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Rabbi Miri

Reform Rabbi Wins Historic Recognition in Israel: On May 29, 2012, Israel’s Attorney General announced that the state has agreed to pay the wages of Rabbi Miri Gold, a Reform rabbi serving Congregation Birkat Shalom in Kibbutz Gezer. The decision follows a hearing in the Israel High Court on the 2005 petition, filed by Rabbi Gold and the Reform Movement in Israel, demanding that the state pay non-Orthodox rabbis, just as it does some 4,000 Orthodox rabbis. This historic ruling paves the way for dozens of other Reform and Conservative rabbis in Israel to receive governmental salaries as well.

“This is a big step for religious pluralism and democracy in Israel,” Rabbi Gold says. “Israeli Jews want religious alternatives, and with this decision the state is starting to recognize this reality.”

The precedent-setting victory is due in large part to the Israel Religious Action Center, which has been championing Rabbi Gold’s cause, as well as tens of thousands of Jews in Israel and the Diaspora who signed an online petition and sent waves of emails imploring the Israeli government to act justly.

Mickve Israel girl scouts greet First
Lady Lou Hoover, Savannah, 1932.

The Genesis of Girl Scouts: Mickve Israel Was There: Savannah’s Congregation Mickve Israel is celebrating the 100th anniversary of the founding of the Girl Scouts with an extensive exhibit, “The Girl Scouts—In the Beginning We Were There,” featuring photographs, uniforms, camping gear, handbooks, and of course cookies. Jewish girls were in Savannah’s first troops in 1912, and three of their patrol leaders (later troop leaders) were Mickve Israel members—Leonora Amram, Henrietta Falk, and, a year later, Mildred Guckenheimer. She led the very first Girl Scout encampment, a 10-day excursion to a barrier island off the Georgia coast.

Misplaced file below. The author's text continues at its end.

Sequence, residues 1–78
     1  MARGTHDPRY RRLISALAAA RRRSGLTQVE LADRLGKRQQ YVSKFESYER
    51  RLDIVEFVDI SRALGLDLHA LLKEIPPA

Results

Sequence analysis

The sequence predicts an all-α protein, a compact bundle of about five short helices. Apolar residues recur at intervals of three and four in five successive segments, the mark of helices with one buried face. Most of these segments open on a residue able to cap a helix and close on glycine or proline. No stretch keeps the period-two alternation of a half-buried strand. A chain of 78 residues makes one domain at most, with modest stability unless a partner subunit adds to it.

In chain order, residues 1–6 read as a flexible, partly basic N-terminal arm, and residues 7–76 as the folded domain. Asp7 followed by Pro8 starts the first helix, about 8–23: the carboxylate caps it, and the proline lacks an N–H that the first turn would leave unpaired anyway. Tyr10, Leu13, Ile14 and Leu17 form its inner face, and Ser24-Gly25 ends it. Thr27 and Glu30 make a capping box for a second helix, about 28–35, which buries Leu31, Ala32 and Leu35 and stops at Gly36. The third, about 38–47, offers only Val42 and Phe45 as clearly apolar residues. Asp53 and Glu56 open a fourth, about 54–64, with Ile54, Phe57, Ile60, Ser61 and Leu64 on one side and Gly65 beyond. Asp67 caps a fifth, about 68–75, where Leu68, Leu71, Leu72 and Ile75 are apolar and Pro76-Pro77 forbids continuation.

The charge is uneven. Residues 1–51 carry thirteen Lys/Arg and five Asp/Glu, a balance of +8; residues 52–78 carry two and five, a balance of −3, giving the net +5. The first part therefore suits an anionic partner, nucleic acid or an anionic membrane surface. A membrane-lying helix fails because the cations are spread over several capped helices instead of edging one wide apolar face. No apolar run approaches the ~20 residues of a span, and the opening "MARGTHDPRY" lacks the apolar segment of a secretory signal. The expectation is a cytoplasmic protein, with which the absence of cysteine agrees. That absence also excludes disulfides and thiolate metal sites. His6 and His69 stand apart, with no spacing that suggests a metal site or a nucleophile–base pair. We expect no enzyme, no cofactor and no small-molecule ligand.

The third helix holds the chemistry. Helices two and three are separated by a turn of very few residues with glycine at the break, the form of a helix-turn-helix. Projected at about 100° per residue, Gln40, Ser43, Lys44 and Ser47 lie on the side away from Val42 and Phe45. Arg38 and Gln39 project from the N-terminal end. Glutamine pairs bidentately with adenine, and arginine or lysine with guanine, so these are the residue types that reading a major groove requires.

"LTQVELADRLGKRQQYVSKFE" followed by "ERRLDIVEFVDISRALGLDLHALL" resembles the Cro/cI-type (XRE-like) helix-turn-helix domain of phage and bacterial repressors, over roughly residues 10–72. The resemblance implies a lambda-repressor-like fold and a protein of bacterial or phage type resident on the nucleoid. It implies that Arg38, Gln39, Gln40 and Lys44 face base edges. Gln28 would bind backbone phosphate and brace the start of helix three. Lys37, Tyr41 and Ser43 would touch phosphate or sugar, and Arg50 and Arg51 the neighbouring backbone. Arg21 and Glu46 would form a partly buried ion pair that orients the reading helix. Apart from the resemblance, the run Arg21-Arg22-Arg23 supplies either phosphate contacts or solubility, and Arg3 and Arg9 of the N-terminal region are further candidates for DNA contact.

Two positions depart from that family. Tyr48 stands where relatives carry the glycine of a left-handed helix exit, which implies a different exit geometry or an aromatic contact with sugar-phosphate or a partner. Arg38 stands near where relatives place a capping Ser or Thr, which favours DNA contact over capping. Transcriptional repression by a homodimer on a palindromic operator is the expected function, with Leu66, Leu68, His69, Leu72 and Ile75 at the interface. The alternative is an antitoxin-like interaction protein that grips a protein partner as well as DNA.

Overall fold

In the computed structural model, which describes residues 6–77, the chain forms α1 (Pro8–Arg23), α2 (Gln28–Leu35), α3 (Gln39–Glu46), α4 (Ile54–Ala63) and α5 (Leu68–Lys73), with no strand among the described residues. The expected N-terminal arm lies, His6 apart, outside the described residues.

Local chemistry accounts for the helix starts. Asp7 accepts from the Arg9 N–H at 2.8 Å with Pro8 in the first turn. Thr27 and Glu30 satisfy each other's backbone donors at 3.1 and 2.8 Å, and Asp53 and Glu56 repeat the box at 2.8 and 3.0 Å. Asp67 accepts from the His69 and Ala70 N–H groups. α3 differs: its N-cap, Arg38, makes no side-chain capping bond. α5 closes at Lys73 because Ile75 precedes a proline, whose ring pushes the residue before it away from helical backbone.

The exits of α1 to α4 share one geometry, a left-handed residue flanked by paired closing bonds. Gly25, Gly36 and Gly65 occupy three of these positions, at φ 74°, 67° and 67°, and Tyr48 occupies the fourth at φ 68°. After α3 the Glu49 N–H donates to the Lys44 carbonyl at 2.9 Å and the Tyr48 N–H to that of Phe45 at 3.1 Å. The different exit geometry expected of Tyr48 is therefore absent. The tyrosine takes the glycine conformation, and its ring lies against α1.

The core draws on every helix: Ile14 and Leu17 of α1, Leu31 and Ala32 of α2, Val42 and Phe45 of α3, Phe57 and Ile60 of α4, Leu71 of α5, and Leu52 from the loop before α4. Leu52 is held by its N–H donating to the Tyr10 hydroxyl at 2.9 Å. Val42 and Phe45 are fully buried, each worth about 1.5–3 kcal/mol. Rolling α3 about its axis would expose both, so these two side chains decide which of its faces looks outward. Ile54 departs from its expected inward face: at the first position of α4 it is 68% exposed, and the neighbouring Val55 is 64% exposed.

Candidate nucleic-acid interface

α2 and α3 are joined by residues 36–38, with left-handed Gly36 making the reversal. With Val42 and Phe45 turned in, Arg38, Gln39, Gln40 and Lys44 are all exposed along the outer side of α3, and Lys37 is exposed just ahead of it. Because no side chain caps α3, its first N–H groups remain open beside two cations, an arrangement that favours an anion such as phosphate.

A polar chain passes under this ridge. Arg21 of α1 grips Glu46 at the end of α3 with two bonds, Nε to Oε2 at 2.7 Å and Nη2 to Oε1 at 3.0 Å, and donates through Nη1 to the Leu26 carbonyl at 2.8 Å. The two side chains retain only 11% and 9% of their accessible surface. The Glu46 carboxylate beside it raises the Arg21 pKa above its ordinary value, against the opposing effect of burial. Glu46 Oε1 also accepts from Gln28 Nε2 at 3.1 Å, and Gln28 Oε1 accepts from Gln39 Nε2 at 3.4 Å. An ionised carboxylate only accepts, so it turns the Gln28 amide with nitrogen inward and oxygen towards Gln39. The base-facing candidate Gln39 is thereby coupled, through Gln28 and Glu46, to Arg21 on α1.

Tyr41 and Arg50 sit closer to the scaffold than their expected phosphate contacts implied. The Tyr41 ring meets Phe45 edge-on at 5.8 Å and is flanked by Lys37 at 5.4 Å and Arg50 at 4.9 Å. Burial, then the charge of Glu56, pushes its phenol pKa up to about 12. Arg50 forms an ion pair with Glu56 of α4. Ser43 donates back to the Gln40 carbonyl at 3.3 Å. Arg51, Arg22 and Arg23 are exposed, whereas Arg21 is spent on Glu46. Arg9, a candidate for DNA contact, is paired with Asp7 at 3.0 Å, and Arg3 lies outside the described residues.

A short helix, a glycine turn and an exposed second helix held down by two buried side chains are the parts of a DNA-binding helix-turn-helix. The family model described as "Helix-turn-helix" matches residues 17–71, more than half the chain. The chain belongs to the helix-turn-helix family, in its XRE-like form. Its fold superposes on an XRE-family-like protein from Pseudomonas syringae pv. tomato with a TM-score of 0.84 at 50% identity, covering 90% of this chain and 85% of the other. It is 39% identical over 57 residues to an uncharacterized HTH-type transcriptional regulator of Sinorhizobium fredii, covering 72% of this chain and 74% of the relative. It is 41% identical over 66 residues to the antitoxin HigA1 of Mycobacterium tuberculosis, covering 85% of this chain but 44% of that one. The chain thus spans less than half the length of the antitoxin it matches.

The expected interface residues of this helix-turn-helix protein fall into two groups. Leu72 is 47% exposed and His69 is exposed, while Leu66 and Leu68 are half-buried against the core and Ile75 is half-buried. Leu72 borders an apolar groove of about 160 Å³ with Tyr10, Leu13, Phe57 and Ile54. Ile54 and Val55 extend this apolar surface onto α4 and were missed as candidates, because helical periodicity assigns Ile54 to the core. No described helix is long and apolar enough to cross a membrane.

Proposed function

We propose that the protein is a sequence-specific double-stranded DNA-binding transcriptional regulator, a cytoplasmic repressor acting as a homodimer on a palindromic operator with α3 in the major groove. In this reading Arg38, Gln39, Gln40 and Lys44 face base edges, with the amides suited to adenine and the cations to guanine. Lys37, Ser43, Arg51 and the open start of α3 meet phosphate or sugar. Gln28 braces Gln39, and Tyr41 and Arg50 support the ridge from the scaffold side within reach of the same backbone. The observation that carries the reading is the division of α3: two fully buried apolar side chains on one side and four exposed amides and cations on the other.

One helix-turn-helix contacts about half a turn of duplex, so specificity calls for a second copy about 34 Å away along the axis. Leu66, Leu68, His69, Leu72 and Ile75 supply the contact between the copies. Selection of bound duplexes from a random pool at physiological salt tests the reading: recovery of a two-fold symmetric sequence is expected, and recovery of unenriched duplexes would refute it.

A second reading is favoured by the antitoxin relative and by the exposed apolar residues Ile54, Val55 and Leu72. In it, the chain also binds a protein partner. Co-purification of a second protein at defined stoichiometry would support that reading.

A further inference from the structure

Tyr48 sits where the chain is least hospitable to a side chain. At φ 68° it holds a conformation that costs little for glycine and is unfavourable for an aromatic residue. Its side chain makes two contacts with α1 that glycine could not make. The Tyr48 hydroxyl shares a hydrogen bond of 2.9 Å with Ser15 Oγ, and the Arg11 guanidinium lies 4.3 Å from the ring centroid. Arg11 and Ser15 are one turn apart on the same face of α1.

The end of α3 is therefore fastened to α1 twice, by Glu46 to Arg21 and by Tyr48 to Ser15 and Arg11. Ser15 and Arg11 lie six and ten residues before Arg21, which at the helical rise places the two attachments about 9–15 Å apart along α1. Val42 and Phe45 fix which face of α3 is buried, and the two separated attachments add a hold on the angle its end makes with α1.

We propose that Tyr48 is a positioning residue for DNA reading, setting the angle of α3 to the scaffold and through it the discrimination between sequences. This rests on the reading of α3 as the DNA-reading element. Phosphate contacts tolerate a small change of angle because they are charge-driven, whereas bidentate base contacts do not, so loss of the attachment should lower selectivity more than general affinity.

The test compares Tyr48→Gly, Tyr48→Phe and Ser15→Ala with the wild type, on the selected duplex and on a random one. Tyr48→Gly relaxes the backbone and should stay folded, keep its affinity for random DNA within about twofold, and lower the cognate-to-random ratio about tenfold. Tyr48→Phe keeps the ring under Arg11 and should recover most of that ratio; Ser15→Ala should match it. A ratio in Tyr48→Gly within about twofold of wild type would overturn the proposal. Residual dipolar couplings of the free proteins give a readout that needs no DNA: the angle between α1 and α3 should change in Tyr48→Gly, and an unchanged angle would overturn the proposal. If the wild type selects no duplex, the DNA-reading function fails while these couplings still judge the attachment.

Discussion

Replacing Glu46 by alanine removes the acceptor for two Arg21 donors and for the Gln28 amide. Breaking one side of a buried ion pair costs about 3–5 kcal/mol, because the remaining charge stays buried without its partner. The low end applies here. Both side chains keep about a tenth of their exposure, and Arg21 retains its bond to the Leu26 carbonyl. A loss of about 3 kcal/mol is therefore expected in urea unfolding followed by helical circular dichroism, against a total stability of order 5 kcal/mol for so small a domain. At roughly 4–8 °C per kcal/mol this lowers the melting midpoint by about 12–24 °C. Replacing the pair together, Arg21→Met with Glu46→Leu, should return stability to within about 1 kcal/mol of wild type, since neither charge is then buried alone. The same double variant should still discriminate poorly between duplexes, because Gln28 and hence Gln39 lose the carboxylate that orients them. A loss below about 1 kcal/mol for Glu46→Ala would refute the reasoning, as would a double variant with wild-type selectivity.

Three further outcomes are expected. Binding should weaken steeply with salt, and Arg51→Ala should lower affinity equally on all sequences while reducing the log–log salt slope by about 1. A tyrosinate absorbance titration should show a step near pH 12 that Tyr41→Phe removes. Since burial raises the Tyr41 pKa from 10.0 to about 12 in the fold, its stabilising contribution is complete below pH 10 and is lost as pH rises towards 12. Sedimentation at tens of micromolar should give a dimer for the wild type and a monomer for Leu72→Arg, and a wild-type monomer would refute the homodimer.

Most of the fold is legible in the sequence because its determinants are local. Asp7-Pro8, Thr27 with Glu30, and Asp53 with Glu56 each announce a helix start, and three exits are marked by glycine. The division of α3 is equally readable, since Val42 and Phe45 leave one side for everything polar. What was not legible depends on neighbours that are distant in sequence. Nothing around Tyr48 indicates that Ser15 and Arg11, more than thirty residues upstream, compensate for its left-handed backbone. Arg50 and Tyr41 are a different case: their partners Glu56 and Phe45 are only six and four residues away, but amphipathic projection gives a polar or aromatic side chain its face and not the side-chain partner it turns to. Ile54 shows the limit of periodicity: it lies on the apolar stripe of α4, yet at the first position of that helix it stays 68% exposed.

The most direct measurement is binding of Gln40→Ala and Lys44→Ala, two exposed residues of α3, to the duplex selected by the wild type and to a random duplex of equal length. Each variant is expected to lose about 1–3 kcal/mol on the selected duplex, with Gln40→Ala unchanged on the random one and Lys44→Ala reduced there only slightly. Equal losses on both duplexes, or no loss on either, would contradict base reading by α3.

At a time when Jews were often excluded from groups and activities, Girl Scout founder Juliette Gordon “Daisy” Low stressed diversity and inclusion as core values of the organization, and they remain so to this day. Low called on women, including the Jewish patrol leaders, to help grow the Girl Scouts, and Mickve Israel members were among those who rose to the occasion.

From L. to R.: Rabbis Mari Chernow, Ilana Mills,
Jordana Chernow-Reader.

Sister Rabbis Milestone: Upon her ordination at HUC-JIR in Los Angeles this past May 12, Ilana Mills became the third sister in her family to become a Reform rabbi.

Her oldest sister, Mari Chernow, ordained in 2003, serves as senior rabbi of Temple Chai in Phoenix. Middle sister Jordana Chernow-Reader, ordained in 2004, is director of Lifelong Learning at Temple Beth Torah in Ventura, CA. And Ilana Mills serves as a rabbi at Temple Solel in Paradise Valley, AZ.

The three sisters come from a Jewishly active family: Mother Arlene is a longtime URJ Outreach consultant and father Eli serves on the URJ Board.


Union for Reform Judaism.